Repetitive Contact in Rugby Reduces Cerebral Blood Flow, Compromises Brain Function Over a Single Season

Pavankumar Kamat

August 10, 2021

Repetitive exposure to contact events in rugby union players promotes a decline in cerebral hemodynamic function and cognition and an increase in markers for oxidative stress over the course of a single playing season, a new study published in  Experimental Physiology  suggests.

The findings may help in better understanding the risk of neurodegenerative disease later in life among athletes.

A longitudinal study included 21 players from a professional rugby union team (13 forwards and 8 backs) who played a total of 31 games in a season of the Guinness PRO-14 league. The researchers determined life-long concussion history through the players' medical records provided by the team doctor. Oxidative-nitrosative stress (OXNOS) was assessed using venous blood samples. Measures of cerebral hemodynamic function and cognition were also assessed.

Forwards versus backs experienced a greater frequency of collisions (mean±standard deviation [SD], 12±6 vs 5±3; P=.005), tackles (mean±SD, 7±4 vs 4±1; P=.028) and jackals (mean±SD, 3±3 vs 1±0; P=.034). Similarly, for every concussion experienced by backs, there were five concussions among forwards. The overall rate of concussions was 10 for every 1000 hours of play.

There was a significant elevation in OXNOS, as evidenced by an increase in ascorbate free radical and a corresponding reduction in the bioavailability of nitric oxide, which did not vary across different player positions.

Impairments in cerebral oxygen delivery and cerebrovascular reactivity range were seen among all players, but were more marked in forwards. The players also witnessed a decline in scores of cognition tests, but there were no significant differences among forwards and backs.

Professor Damian Bailey, senior author involved in the study said in a press release: "We hope that this study will encourage more rugby teams to engage in larger scale studies of this nature to determine the life-long implications associated with recurrent contact and concussion in rugby, including the potential links to neurodegeneration in later life. Our ultimate goal is to make the sport safer for the players and minimise the damage they incur through contact."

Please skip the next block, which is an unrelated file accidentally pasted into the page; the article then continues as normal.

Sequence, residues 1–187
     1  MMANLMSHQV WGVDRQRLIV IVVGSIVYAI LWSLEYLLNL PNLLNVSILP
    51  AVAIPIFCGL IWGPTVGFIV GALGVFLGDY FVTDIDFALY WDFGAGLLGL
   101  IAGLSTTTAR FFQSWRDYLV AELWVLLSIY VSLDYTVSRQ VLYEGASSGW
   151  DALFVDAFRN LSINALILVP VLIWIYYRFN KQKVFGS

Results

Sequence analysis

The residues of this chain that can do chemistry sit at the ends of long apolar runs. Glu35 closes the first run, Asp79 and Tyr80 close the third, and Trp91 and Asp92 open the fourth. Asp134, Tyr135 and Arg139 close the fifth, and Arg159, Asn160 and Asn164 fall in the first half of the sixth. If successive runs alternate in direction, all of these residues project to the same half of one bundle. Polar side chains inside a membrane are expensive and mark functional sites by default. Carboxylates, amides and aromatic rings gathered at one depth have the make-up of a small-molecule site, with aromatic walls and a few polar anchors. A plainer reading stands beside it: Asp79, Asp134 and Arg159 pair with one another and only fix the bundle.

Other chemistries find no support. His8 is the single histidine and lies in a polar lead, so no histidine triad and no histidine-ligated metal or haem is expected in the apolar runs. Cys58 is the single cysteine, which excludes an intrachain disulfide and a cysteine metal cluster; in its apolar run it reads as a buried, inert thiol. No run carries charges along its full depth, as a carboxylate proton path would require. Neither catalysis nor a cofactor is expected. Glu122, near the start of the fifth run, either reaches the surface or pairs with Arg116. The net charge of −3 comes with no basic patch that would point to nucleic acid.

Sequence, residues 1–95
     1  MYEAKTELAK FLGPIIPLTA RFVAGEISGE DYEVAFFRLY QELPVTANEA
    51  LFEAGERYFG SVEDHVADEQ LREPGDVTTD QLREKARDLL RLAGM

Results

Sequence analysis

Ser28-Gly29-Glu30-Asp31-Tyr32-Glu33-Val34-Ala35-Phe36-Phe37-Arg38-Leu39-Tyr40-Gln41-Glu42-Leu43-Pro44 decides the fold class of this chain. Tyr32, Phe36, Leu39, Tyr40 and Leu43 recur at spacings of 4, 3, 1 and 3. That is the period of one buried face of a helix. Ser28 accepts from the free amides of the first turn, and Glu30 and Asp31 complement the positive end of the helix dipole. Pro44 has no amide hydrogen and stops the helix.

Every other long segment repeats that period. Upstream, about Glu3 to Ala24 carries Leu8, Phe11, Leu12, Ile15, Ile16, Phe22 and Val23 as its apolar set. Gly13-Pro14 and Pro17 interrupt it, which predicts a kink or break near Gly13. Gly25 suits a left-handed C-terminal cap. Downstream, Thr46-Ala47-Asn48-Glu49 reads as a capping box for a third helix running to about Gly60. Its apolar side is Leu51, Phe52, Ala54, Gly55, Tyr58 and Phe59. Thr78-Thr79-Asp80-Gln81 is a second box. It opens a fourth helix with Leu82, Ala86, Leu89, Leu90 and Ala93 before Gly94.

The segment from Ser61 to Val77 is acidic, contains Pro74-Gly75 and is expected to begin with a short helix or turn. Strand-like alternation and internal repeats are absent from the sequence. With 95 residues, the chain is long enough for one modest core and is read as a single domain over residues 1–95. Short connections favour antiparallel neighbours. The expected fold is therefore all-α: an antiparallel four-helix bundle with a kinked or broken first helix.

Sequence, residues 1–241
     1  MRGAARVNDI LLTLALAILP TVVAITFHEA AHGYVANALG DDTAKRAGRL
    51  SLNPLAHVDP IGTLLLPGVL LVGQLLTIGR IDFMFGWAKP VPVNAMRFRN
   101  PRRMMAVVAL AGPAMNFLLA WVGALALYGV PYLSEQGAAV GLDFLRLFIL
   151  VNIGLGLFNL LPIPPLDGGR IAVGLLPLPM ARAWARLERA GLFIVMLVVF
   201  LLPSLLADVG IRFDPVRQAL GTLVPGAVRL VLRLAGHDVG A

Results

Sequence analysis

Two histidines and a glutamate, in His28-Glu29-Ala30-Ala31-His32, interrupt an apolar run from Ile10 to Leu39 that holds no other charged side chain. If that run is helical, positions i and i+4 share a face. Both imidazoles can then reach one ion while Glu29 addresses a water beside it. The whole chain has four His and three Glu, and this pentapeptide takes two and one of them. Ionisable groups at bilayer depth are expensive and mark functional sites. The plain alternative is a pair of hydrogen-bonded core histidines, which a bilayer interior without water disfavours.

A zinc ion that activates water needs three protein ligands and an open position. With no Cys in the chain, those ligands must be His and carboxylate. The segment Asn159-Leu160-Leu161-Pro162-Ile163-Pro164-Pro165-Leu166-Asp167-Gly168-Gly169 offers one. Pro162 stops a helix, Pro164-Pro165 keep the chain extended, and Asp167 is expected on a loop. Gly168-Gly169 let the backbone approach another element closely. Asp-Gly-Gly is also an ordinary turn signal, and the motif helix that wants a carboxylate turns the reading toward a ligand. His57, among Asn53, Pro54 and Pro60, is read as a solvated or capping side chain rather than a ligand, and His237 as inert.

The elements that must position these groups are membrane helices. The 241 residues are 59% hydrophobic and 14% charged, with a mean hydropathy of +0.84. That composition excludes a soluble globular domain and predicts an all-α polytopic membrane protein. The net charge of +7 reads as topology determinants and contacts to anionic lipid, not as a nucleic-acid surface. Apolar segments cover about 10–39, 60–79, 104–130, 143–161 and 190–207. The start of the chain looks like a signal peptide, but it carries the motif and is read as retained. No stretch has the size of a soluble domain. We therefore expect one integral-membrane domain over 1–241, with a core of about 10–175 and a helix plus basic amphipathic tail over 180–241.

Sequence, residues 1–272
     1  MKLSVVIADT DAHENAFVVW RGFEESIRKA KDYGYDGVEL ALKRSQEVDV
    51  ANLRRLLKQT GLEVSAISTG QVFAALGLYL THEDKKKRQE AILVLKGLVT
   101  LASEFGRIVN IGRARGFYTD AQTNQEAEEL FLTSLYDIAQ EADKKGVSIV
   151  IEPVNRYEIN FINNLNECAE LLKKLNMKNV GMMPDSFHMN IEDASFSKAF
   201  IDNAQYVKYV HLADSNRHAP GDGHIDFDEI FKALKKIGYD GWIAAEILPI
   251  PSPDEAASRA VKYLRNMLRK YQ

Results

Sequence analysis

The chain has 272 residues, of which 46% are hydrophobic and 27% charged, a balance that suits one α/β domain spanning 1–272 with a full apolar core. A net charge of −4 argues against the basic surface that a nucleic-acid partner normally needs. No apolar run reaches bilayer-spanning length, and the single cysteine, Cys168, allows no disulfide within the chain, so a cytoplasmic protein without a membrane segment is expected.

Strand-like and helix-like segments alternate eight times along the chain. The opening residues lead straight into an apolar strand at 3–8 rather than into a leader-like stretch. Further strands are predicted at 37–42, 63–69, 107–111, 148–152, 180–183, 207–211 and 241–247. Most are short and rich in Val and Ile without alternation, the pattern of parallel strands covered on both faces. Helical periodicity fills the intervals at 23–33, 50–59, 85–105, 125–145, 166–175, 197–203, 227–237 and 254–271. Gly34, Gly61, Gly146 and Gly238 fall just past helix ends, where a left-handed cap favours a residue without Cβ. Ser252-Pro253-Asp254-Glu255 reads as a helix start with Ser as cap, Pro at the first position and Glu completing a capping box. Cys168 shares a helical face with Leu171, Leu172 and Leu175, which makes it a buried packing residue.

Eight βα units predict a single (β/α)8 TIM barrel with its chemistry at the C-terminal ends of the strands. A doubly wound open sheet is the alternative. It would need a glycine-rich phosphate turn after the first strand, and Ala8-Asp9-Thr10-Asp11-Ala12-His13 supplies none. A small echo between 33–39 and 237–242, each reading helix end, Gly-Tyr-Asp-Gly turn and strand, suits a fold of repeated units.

According to experts, these findings are no doubt compelling but need substantiation through larger studies.

Commenting on the findings, Prof Willie Stewart, consultant neuropathologist and Honorary Clinical Associate Professor at the University of Glasgow, stated: "Although a relatively small study in respect of number of rugby players followed, there are intriguing findings here that require pursuit in further research and, although there is suggestion that the measures here might have relevance to development of neurodegenerative disease, this is, at best, speculative."

A key limitation of the study was that it did not account for concussions occurring during training. Dr Susan Kohlhaas, Director of Research at Alzheimer's Research UK, said: "To better understand the specific factors of a rugby professional's career that might affect their brain health, future studies should also consider collisions in training. Comparing rugby players with players of non-contact sports could also help to determine whether factors other than collisions could be playing a role in these findings."

With the emergence of new factors potentially influencing the risk of neurodegeneration, Dr Kohlhaas also emphasises the need for increased funding into dementia research.

The authors of the study declared no competing interests.


Owens TS, Calverley T, Stacey BS, Iannetelli A, Venables L, Rose GA, Fall L, Tsukamoto H, Berg RMG, Jones GL, Marley CJ, Bailey DM. Contact events in rugby union and the link to reduced cognition: evidence for impaired redox-regulation of cerebrovascular function. Exp Physiol. 2021 July 5 [Epub ahead of print]. doi: 10.1113/EP089330.

This article originally appeared on Univadis, part of the Medscape Professional Network.


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